The Sadducees are correct in stating the law that had come from Moses. It really isn’t the law that is under question, but the reason for the law. That is, to give eternal life to the deceased brother. They also seem to have the assumption that life after the resurrection (which they don’t believe in) is the same as life prior to the resurrection, e.g., being married.
Jesus’ First Response: First of all, Jesus makes a contrast between “this age” and “that age”. He has made similar distinctions earlier, e.g., when Jesus seems to praise the dishonest steward (Luke 16:8) because he acted shrewdly. Going on to note that the “children of this age” are more shrewd than the “children of light.” In Luke 18 Jesus tells the disciples that what they will receive in the “age to come” is far more than what they might lose or give up “in this age.” The contrasts of the ages that Luke presents are
- children of this age vs children of light
- possessions and relationships of this age vs. eternal life in the age to come
- children of this age vs. of that age = resurrection from the dead
It appears that the question of marriage and procreation was raised in the early church (see especially. 1 Cor 7:1-16). The belief that one lives forever through the resurrection negates the need for children (more properly, sons,) to have “eternal life” as previously understood. This would change the reason why Christians would marry and bear children from a traditional view – at least the view held by the Sadducees.
Children of “that age” who are raised from the dead, do not need to marry or be given in marriage. That is not where their “eternal life” is to be found.
In this first response, Jesus deals with the Sadducees’ assumption that the resurrected life is like one’s earthly life. So when the Sadducees inherently assume a similarity between this life and the next, Jesus focuses his response on the differences. Where the Sadducees are arguing for the Levirite rule to ensure “eternal life.” As Culpepper (p.390) later suggests, it is best to keep our speculations about life on the other side of the resurrection a mystery. Yet, he also offers this counsel: “Jesus’ words can thus be approached from a positive side. The God who created human life, including the institution of marriage, has also provided for life after death for those who have cultivated the capacity to respond to God’s love. The biblical teaching is that life comes from God. There is nothing in or of the human being that is naturally or inherently immortal. If there is life beyond death, it is God’s gift to those who have accepted God’s love and entered into relationship with God in this life.”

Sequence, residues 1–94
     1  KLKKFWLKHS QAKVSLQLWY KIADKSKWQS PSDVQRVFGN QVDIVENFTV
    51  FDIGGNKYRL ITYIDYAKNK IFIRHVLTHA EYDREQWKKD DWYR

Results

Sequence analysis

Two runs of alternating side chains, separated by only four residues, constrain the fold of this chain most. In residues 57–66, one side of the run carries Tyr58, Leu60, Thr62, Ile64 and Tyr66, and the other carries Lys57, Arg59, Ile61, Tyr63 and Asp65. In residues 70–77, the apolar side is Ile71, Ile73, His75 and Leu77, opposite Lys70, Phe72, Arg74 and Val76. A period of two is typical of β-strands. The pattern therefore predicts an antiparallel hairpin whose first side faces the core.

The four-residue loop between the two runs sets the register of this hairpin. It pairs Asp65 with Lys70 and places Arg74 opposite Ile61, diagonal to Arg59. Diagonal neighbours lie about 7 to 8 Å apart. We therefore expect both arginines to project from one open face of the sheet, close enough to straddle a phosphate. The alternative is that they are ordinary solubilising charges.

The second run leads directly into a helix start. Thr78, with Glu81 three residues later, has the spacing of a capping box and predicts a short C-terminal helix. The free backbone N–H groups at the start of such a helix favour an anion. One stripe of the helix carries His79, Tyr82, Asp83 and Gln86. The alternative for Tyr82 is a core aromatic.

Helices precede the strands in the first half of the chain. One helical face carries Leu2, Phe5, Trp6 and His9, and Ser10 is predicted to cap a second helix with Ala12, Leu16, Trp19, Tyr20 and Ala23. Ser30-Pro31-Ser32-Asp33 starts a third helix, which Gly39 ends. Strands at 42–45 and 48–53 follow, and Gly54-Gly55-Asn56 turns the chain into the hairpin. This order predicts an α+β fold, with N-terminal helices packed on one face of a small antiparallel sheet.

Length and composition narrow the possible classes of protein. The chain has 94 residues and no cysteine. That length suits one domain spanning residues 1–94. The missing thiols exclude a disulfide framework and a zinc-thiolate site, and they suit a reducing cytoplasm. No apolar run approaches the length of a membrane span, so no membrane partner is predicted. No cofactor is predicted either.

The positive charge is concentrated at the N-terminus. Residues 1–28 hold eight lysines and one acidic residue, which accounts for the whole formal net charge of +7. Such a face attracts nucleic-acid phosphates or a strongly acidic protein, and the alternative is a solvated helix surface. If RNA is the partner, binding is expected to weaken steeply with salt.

Jesus’ Second Response: Jesus next uses the Sadducees’ sacred text (only the first five books of the Old Testament) to respond to their anti-resurrection beliefs. It is a simple argument. From the burning bush God declared: “I am the God of your father, the God of Abraham, the God of Isaac, and the God of Jacob,” (Ex 3:6); these people were all dead. If the dead no longer exist, if they have become nothing, then God would be declaring: “I am the God of nothing.” So, if God is to be the God of something, those people must be alive to God (even though they are dead to us). Thus, there must be a resurrection of the dead. Jesus essentially reveals to the Sadducees that God has declared resurrection from the dead in the Sadducees’ own scripture.
After saying this, Jesus takes up again the issue of the teaching of Moses with which the questioning began (v. 28). He shows that even Moses believed in a resurrection life when he spoke of God as the God of Abraham, Isaac and Jacob, who are still alive before him. Jesus’ rebuttal of the Sadducees arouses the admiration of some of the scribes (probably Pharisees), but this was surely more of a political applause than a real adherence to the teaching of Jesus. As before (v. 26), Jesus’ answer to their question has reduced his opponents to silence.